Strong performance for engineering students at Atlantic Engineering Competition
Engineering students recently competed at the annual Atlantic Engineering Competition (AEC), hosted by Dalhousie University. They performed so well that 13 of the 17 students have earned spots at the Canadian Engineering Competition (CEC) next month, hosted by the University of Waterloo.
Fifth-year mechanical engineering students Michael Cooper, Luke Tremblett, Brett Vokey and Ian Baggs won first place in the consulting category and fifth-year mechanical engineering students Karen Perry, Amanda Ricketts, Maggie Shallow and Meghan Williams placed second. Fifth-year mechanical engineering students David Grainger and Luke Dyer won first place in the engineering communications category. Third-year computer engineering students Andrew Nash and Mark Duffett and third-year electrical engineering student Frank Walsh won second place in the programming category. The first- and second-place finishes secure a place to compete in the national CEC competition.
“So many wins for Memorial this year felt really good,” said Mr. Cooper. “With the exception of myself and one other, all competitors from MUN this year were competing at AEC for the first time so it was a really huge sense of accomplishment.”
The event is divided into eight competitions – consulting; engineering communications; parliamentary debate; programming; innovative design; re-engineering; junior design; and senior design. For each competition, students presented to a panel of judges for evaluation.
For the consulting competition, students were given a real-life issue and asked to generate solutions that analyze the associated social, environmental, technical and economic impacts.
For this year’s competition, teams were given an industrial engineering question targeted at the Government of Nova Scotia’s Department of Compliance inspectors who conduct food, animal safety and environmental inspections.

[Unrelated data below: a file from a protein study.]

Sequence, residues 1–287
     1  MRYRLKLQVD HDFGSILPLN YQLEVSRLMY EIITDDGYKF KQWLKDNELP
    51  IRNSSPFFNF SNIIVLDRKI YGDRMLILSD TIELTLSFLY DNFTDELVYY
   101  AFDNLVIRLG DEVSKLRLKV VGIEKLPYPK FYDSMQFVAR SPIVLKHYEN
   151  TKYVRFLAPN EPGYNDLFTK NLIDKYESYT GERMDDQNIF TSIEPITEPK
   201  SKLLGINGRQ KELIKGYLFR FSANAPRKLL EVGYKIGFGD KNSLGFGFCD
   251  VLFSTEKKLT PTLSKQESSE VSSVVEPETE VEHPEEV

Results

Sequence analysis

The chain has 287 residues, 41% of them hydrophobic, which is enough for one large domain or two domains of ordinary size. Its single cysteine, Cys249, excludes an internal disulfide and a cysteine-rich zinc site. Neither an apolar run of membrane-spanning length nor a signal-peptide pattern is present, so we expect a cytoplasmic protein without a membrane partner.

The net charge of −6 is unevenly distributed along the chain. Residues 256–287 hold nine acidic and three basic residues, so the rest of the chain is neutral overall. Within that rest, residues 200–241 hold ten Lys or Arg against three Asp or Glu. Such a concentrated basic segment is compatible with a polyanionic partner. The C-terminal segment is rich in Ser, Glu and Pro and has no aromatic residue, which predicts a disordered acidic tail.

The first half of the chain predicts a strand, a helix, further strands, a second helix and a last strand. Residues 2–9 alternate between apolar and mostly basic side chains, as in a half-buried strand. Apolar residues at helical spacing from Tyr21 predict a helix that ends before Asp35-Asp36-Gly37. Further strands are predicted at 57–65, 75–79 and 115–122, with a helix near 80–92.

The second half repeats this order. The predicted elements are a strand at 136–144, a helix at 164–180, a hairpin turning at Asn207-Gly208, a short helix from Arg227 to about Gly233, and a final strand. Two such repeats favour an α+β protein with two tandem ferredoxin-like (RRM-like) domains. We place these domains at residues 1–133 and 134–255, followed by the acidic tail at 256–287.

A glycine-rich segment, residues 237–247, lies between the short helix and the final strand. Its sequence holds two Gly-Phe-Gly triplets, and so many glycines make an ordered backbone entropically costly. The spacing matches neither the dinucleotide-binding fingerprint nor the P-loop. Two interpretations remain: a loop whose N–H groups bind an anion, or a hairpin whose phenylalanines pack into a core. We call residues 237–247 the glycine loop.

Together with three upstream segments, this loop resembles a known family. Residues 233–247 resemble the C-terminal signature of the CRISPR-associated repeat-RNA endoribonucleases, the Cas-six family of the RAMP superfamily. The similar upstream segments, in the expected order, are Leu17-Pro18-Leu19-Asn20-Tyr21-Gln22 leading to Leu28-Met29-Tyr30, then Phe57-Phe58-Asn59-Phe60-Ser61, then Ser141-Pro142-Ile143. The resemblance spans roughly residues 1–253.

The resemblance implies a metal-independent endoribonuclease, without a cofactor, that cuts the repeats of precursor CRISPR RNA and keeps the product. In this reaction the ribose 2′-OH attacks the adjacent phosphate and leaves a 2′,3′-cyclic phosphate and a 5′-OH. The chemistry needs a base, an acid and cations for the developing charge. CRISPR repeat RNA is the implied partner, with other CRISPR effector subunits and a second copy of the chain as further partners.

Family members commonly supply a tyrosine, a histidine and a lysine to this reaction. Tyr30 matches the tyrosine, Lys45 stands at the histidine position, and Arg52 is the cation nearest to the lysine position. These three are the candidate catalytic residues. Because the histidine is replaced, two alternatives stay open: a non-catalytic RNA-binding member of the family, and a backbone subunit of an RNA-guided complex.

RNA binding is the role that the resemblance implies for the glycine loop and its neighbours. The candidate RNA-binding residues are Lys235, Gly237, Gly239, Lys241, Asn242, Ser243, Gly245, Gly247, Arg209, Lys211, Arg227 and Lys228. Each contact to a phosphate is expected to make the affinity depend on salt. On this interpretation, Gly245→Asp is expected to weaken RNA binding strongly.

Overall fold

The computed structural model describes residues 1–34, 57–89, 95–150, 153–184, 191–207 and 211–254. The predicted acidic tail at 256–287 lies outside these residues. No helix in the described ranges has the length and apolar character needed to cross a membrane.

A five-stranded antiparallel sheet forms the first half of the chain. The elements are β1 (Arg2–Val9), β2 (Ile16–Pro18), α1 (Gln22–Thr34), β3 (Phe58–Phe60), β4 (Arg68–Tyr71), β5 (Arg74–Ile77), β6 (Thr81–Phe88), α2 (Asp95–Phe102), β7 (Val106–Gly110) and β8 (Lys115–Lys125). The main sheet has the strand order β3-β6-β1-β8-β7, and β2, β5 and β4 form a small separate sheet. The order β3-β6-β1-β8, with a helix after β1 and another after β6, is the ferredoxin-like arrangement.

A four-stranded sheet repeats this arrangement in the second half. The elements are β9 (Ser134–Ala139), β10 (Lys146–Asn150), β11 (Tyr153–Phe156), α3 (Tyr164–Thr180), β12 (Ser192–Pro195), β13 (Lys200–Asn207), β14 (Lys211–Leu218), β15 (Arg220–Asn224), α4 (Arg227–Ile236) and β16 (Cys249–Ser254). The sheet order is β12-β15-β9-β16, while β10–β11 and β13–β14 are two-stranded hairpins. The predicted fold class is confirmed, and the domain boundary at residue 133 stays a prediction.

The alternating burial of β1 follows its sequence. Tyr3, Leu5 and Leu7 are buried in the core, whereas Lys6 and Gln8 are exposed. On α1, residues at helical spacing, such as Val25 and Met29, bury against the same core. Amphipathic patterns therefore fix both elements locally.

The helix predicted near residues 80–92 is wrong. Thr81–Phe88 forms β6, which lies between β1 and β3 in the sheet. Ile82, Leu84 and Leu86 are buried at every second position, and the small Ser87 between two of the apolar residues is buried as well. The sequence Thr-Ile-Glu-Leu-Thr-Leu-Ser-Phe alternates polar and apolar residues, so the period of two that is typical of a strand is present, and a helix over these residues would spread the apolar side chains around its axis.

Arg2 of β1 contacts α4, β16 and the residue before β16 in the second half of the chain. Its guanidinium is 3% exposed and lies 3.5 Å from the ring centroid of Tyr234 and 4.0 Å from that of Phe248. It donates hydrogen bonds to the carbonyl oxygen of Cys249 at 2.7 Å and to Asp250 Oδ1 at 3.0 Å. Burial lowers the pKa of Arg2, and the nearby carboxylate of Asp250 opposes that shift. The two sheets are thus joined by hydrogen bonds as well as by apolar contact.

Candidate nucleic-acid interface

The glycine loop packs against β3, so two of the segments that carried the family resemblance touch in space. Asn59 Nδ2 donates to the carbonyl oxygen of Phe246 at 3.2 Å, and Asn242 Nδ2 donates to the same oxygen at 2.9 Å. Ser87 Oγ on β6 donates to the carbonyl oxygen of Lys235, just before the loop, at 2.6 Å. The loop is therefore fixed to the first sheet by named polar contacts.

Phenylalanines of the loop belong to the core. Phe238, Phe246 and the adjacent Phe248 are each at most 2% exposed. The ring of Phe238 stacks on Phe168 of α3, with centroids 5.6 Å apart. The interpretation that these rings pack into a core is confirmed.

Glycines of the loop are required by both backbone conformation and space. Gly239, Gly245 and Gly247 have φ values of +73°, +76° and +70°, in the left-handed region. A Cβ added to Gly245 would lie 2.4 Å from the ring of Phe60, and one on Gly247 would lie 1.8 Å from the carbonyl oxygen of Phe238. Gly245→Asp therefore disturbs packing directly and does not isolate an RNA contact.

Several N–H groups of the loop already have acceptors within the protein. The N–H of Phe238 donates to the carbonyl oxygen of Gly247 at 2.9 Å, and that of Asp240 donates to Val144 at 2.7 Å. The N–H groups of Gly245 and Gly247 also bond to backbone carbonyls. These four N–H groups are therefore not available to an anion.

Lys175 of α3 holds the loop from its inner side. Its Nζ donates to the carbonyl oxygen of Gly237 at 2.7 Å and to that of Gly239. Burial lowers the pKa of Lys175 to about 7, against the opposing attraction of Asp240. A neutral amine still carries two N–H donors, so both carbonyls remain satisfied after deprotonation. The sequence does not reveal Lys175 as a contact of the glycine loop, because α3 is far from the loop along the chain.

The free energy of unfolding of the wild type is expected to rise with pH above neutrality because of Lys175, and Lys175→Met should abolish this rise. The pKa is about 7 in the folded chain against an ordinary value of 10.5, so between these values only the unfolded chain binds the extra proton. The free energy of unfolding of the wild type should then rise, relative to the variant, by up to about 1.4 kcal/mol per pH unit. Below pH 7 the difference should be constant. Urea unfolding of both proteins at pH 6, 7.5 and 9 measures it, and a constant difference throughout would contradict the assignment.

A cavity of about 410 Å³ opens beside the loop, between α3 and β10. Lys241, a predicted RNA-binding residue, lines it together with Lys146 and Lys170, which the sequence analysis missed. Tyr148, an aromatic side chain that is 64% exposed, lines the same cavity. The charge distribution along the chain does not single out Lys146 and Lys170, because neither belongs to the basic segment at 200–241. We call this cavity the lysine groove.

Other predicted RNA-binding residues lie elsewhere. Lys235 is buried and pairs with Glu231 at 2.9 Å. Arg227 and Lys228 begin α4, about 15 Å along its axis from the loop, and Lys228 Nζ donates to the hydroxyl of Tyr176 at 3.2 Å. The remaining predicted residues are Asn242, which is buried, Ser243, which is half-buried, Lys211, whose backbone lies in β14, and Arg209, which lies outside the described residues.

“We came up with solutions for 14 issues identified,” said Mr. Cooper. “We grouped issues together that could be solved by any one solution and improved inefficiencies by incorporating new technology that streamlined their documentation process and introduced a culture-enhancement program.”
In the communications competition, students were asked to identify an applicable process or issue and generate a clear argument that analyzes the social, environmental, technical and economic impacts associated with their argument. This year, teams looked at the process of oil and gas development in offshore NL, from the drilling process to the storage of oil once it has been produced.
In the programming competition students are tasked with producing an industry-quality software solution of a given problem. Memorial’s programming team created a web-based application to assist energy planners in designing offshore wind farms. The application plotted wind maps on two embedded google maps, created new algorithms for maximizing wind farm cost/power, and provided a user interface to select between several turbine and maintenance packages.
Advancing to national competition
The students are excited to represent Memorial at the national competition in Ontario next month.
“We are really looking forward to the national competition,” said Mr. Cooper. “Sometimes it can be difficult for students from MUN to compete at national competitions due to the cost of airfare. As a representative of MUN Engineering, the ability to compete, and win, in the Atlantic region against other schools with larger student bodies and more access to funding feels like a huge achievement. We are incredibly grateful to the Angus Bruneau Student LIFE Fund for helping with expenses for this competition.”
“Congratulations to all of our students on their success at AEC this year,” said Dr. Greg Naterer, dean, Faculty of Engineering and Applied Science. “We are very proud to see our students perform so well and we wish them all the best at the national competition.”
Memorial students also competed in the junior design competition.